Smartphones are becoming the dominant way how users access the internet today. You don’t want to be left out of it. Are you ready for the future?
If you haven’t been living under the rock in the last couple of years, you probably noticed that mobile is kind of a big thing now. Ever since Apple launched iPhone in 2007, number of people surfing the web on their mobile device is climbing sky high.
Globally it rose from around 1% back in 2009 to 13% in December 2012. We also checked some of our stats, and the numbers are even higher. From 11% mobile visitors for site in India, to whooping 42% for UK site.
M-Commerce growing rapidly
Last year, 11% of all sales in USA came from mobile device. Americans spent $24.66 billion, and this numbers are 81% higher than they were in 2011. That’s some growth!
This year alone, mobile sales rose 31% in the first quarter, mostly on the tablets, so called “couch commerce” is rapidly becoming the most popular form of online shopping .
Predictions are that mobile will have 15% of e-commerce sales this year. And by the end of 2016 that number should rise to 27%, or $87 billion.
If you build it, they will come
So, what is the main reason for this “web surfing on smartphones” boom? Smartphones themselves, sure… The total of smartphones entering the World per day in 2012. was about 3.6M devices. Luke Wroblewski compared that number to 371k of newborn children worldwide every day. Striking numbers, right?
But there are some other reasons too. Mobile devices before iPhone could also browse the web, but it was a painful experience. Smartphones changed that. But web browsing remained unpleasant experience on websites that are not optimized for small screens and low bandwidth.
With the rise of mobile friendly websites, share of traffic and revenue on mobile devices rose too. It is symptomatic that most of the websites saw 100-400% mobile growth after launching mobile friendly version. Even “non-mobile” numbers were higher.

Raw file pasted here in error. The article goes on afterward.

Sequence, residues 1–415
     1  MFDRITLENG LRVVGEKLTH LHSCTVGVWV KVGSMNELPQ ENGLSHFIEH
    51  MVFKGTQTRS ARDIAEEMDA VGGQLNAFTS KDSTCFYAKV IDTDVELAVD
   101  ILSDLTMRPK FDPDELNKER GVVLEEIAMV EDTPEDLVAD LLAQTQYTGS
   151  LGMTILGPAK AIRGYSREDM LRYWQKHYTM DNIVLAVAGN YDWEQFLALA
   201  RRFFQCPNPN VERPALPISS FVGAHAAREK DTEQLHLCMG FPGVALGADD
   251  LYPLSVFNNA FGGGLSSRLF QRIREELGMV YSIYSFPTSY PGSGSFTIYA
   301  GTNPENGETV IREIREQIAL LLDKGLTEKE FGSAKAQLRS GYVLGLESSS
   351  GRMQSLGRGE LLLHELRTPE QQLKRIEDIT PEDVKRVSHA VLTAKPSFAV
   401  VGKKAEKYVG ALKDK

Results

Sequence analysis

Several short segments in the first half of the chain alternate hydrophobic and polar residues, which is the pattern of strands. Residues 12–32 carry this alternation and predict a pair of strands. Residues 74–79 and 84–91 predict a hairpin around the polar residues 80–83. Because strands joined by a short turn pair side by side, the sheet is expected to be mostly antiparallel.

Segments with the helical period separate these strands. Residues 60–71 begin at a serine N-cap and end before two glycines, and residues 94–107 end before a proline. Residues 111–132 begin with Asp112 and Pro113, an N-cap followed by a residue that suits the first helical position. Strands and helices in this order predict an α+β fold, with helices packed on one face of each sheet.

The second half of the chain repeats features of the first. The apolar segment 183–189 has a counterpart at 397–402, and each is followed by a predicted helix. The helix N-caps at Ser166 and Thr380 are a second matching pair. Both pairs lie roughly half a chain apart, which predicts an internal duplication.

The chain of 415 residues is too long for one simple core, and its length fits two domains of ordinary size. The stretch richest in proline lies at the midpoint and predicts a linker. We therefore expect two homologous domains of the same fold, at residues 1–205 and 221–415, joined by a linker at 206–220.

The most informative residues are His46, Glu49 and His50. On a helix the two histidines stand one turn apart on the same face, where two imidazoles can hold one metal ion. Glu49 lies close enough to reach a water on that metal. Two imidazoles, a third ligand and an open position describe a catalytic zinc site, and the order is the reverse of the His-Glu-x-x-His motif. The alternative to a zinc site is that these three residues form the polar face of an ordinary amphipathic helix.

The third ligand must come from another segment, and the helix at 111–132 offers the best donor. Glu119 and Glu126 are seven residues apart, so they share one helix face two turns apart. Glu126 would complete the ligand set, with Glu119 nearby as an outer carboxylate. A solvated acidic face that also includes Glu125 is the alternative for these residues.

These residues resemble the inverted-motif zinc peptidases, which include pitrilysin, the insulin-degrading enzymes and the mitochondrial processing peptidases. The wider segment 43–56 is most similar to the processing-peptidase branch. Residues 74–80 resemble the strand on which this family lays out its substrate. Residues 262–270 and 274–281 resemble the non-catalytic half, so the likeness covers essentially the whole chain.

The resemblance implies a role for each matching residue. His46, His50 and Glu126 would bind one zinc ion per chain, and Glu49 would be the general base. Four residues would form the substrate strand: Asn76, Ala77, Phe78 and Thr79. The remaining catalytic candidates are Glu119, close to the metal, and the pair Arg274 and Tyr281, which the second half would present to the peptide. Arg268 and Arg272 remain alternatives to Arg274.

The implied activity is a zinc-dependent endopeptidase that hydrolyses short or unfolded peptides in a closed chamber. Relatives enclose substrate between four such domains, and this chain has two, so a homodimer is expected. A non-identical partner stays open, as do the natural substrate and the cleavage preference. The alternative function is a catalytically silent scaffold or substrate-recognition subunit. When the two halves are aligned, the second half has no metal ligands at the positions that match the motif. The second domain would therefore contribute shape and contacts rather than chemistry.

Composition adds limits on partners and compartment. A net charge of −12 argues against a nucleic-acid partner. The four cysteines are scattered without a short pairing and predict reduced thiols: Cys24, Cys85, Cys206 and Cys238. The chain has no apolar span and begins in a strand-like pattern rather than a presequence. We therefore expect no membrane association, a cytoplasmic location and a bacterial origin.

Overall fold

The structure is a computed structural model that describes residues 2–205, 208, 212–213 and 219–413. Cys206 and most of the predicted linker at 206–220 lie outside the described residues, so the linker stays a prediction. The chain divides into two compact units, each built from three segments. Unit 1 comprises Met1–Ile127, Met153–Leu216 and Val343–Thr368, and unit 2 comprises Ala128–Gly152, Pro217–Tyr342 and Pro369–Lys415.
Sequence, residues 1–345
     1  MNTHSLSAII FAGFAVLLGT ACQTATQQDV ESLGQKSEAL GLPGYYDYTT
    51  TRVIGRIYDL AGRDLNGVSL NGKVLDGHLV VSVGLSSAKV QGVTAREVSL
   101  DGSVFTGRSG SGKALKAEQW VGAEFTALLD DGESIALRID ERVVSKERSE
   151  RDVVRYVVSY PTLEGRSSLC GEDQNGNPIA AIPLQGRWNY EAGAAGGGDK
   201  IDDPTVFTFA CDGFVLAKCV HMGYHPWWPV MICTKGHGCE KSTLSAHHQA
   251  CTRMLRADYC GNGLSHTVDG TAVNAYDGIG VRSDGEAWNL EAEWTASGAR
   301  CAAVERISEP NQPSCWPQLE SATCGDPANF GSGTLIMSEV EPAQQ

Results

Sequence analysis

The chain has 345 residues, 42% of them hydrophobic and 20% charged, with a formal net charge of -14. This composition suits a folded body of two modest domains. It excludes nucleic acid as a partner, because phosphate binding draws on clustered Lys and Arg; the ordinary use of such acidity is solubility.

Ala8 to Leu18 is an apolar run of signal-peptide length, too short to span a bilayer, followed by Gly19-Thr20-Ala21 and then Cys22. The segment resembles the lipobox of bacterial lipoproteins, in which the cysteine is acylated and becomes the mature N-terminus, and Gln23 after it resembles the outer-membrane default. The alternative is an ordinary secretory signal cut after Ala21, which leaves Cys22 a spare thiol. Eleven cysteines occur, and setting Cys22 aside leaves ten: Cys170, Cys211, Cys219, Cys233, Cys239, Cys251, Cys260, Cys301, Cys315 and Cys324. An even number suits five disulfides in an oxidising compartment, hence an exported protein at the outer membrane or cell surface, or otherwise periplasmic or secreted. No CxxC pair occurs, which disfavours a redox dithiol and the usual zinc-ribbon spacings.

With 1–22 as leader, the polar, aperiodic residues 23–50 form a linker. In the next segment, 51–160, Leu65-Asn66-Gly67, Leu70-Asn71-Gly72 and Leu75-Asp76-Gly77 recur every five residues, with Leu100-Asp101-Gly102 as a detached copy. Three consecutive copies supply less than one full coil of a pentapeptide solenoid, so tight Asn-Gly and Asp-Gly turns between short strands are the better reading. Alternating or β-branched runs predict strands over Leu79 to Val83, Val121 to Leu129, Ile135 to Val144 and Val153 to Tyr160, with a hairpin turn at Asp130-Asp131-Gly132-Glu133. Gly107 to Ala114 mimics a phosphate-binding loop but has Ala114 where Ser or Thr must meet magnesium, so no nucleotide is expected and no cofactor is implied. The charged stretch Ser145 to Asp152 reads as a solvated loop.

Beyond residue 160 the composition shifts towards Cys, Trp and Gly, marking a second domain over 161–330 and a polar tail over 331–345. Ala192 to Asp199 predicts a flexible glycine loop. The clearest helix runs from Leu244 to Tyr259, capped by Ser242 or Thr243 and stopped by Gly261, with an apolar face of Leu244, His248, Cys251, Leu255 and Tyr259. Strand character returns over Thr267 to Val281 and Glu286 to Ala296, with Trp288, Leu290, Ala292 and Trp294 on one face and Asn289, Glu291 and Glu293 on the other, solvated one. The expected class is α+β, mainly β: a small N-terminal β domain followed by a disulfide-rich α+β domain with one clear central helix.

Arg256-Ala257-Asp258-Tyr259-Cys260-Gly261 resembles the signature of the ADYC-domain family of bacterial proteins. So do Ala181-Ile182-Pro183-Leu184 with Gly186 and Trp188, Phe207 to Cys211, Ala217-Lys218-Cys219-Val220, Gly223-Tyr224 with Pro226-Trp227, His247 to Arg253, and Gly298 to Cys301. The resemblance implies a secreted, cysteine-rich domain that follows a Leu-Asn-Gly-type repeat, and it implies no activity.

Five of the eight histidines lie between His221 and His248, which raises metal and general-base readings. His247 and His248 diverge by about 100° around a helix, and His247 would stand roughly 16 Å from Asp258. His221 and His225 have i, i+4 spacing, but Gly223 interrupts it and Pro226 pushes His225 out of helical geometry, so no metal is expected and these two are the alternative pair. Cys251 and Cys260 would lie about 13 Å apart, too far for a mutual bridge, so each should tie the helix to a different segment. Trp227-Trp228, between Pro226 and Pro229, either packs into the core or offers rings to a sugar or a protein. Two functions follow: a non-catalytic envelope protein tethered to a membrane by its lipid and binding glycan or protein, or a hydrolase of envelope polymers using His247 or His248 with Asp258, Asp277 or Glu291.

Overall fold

- 65.7% conversion rate increase on iPhone/iPod
- 101.2% revenue growth on iPhone/iPod
- 407.3% conversion rate increase on Android devices
- 591.4% revenue growth on Android devices
- 20.3% conversion rate increase on non-mobile devices
- 41.1% revenue growth on non-mobile devices
So, what’s the best mobile strategy?
Depends. There’s no silver bullet. Depends on your target audience, your goals, type of website or web app. Lot of stuff. You have to keep in mind that today, we have a plethora of devices and resolutions. Generally, there are three ways to go:
- Native app
- Mobile website
- Responsive website
…run physically on the specific mobile device and they are coded just for that device. These applications usually can be downloaded from “app stores” like Google play or iOS App Store. This is the best choice when you need to access device’s hardware and settings.
Basically, if you own regular online store, or website, this is not the road you want to take.
…has different code base and content for desktop and mobile. With that in mind, it could offer completely different user experience for these two groups. But mobile website usually targets only one resolution, so you end up covering only small portion of visitor’s possible resolution.
Responsive web design
…is device and resolution agnostic. It serves the same code and the same content to all users, regardless of their platform. It uses fluid layouts, media queries and flexible images to adapt to every resolution. Smartphone, tablet, laptop, desktop, TV… you name it. RWD is future ready, for all those devices and resolutions yet to come.
As said before, RWD is not a silver bullet, but it is probably the best solution for most of the projects. The bottom line is that customer doesn’t care if your website is responsive, mobile or any other kind. He only cares to finish the goal that got him to your website in the first place. Reading an article, buying a product, searching for a location… whatever he’s after. And you should give him the best possible user experience, regardless of his platform and resolution.
With mobile traffic expanding this quick, and with new devices coming out almost on a daily basis, “mobile” is not to be ignored. In days ahead, everything on the web will be “responsive” by default, and we will not be talking about your “mobile strategy”, we’ll talk about your “web strategy”.
So, would you care tell us about your web strategy?